For example, after uploading a document, the user would probably anticipate that it will be read or modified; after making a poll, he probably waits for others to vote on it. Usually this anticipation also has a certain time limit, within which the activity should take place. We call this anticipation an expectation. After an expectation is being created, the creator can either decide to notify the team members involved in the workspace about the expectation or to keep the expectation to himself. In addition, a periodic alarm mechanism is set to test Fig. As long as the expectation is not fulfilled, the periodic fulfillment tests are performed until the expectation end time.
At the end time the last fulfillment test is performed and when the expectation is not fulfilled, a nonfulfillment message is sent. If the expectation gets fulfilled, the periodic test mechanism stops and waits for the expectation end time to send the fulfillment notification. In practice, we model an expectation as an object with six basic attributes: creator, artifact, activity, participants, start date, and end date.
Additional attributes can be defined to extend the usability and flexibility of an expectation. For example, a selection of a preferred notification mechanism or an option to inform the involved collaborators of an expectation is thinkable. The values of these attributes will be specified by the user when a new expectation is created. An expectation changes its state after the deadline.
The three basic possible states are initial before the deadline , fulfilled, or nonfulfilled after the deadline.
An expectation itself, as any other object in the system, has operations to manipulate it. We consider as essential operations create, edit, delete, check fulfillment, and view fulfillment status Fig. In the following we describe the major attributes of an expectation in more detail: artifact, activity, and participants. We distinguish between a single artifact and a container of artifacts. A single artifact is an object that can be uploaded to or created in a workspace, such as a document or a note.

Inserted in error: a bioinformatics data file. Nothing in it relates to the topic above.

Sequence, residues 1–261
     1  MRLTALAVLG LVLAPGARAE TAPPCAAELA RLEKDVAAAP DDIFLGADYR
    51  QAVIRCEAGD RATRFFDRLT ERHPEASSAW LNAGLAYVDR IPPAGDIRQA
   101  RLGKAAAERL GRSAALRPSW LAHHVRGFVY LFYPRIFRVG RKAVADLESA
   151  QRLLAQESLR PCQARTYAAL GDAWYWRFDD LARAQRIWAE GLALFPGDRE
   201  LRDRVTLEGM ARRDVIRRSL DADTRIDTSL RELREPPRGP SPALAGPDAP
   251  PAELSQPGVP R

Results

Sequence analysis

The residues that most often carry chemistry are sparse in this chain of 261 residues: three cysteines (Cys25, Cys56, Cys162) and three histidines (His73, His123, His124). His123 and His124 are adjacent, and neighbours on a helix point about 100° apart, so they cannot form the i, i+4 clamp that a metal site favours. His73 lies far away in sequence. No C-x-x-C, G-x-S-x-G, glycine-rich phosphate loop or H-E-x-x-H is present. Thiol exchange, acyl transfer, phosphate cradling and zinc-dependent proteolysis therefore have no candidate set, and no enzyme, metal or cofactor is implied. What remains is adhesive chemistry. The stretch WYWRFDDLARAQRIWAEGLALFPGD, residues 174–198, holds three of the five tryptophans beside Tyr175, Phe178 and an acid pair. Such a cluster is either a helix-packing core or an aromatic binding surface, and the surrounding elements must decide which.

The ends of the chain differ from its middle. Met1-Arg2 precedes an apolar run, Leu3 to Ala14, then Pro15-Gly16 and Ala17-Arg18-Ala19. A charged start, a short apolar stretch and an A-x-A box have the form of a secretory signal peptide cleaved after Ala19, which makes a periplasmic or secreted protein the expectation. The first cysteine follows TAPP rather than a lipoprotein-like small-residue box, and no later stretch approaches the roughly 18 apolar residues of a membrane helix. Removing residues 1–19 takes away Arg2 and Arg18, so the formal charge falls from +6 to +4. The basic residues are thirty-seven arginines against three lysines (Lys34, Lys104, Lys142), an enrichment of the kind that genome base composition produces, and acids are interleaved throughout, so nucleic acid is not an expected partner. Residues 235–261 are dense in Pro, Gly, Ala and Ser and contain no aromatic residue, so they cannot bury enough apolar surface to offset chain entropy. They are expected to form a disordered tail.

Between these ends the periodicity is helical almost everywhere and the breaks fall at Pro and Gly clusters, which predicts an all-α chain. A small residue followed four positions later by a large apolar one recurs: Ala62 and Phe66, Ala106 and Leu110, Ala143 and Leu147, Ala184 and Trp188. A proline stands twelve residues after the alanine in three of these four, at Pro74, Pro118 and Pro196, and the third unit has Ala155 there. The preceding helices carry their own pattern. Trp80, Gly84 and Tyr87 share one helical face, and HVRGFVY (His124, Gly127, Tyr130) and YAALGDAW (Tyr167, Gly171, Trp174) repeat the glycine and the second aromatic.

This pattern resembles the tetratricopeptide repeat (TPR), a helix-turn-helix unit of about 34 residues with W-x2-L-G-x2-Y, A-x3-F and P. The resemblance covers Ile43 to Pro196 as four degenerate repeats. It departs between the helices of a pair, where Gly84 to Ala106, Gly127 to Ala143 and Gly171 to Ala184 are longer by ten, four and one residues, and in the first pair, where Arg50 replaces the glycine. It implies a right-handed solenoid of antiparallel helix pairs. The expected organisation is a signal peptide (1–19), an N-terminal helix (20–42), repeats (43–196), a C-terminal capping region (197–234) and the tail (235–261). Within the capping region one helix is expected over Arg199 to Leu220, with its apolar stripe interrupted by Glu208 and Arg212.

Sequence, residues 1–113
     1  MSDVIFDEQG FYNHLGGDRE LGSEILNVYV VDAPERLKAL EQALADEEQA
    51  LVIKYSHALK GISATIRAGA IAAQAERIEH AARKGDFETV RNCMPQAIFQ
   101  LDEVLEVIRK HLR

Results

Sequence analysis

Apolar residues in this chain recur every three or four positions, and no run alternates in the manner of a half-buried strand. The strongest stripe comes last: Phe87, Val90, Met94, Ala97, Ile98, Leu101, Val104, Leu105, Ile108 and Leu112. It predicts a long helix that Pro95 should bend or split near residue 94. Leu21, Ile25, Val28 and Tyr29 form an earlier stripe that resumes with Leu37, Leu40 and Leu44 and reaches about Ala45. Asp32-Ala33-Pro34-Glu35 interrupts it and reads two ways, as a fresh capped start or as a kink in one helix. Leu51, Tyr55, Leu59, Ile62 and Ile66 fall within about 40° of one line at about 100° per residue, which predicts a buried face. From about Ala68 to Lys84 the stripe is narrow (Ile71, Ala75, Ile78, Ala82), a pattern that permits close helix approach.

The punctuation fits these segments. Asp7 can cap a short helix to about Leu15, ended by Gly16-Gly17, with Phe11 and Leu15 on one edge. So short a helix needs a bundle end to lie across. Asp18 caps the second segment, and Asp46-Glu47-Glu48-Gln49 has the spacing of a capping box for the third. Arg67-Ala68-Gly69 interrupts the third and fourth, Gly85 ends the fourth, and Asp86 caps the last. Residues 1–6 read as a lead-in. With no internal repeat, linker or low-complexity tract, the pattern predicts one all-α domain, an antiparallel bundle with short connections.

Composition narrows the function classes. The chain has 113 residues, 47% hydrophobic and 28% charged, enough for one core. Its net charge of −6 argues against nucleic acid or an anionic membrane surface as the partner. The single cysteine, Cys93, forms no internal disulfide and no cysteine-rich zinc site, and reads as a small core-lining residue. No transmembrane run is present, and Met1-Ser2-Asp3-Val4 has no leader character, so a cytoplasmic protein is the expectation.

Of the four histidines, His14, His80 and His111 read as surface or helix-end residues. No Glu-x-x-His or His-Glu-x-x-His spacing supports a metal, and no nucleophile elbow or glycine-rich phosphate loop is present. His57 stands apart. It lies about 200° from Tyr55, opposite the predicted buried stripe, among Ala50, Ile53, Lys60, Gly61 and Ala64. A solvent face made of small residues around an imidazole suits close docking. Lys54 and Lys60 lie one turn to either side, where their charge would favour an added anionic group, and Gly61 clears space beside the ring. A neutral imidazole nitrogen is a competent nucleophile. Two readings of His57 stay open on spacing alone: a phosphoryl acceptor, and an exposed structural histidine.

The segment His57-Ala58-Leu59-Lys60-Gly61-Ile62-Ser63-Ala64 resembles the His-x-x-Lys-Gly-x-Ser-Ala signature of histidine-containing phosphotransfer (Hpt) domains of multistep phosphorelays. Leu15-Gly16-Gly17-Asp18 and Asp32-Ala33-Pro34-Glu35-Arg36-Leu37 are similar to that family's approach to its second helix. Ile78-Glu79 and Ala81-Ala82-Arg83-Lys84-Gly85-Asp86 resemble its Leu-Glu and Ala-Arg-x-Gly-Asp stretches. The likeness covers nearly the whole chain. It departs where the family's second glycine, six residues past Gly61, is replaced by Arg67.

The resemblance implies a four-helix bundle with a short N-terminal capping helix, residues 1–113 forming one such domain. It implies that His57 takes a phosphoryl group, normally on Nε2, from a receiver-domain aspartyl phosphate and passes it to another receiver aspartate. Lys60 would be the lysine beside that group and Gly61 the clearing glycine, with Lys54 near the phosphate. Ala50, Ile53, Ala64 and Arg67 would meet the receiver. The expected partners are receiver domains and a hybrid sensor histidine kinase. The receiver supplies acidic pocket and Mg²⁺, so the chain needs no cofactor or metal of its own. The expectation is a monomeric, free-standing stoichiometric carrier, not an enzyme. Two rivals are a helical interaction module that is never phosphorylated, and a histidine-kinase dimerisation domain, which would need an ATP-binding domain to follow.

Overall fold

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A container of artifacts is a collection of artifacts, such as a folder, a blog, or a discussion. For a set of artifacts, users should be able to decide whether the expectation is fulfilled when the expected activity takes place in all artifacts or in at least one of the artifacts. This selection will often depend on the expected activity itself.
It is obvious to expect, for example, that the read operation will take place in all documents in a folder while the modify operation only on at least one of them. An exceptional activity for this matter is the create activity. The create operation can be expected only in a container, such as a folder. Another consideration of interest is the case of a hierarchical structure of objects.
Publikationen Kompetenzmanagement | Kompetenzen gestalten - Christine Kunzmann
Then it must be decided whether the activity should take place only in the uppermost level or in the whole hierarchy. The list of possible actions is the operational semantics of a chosen artifact with respect to the chosen participants. In other words, these are the operations available on the chosen artifacts for the chosen participants in accordance with the access rights of the latter. In case of an artifact containing other artifacts e. For members of a group or a role it should be decided, whether the expectation should be fulfilled by a role or by a group.
Further, one must consider if the expected activity should be performed by all members or by at least one member inside of a role or a group.
Again, this definition might depend also on the activity itself, since it is quite natural to expect, for example, that the read operation will be performed by all members of a role or a group while the modify operation by at least one of them. A user can decide whether he wants to make an expectation be visible to the other participants or not.
By making an expectation visible, the user implicitly announces to other members what kind of activities he expects them to perform in a workspace.
The intention is to establish a better understanding of the expected activities among the members of a project. This use of an expectation makes it very similar to another formal method of project management: task assignment. We would like to emphasize the differences between the concept of an expectation and the concept of a task.
These are the intention, the level of necessity, and the agreement of the participant assigned. The main intention of a task is specifying the work needed to be done and assigning it to a certain person or number of persons. The main purpose of an expectation is providing better awareness on anticipated activities in a workspace.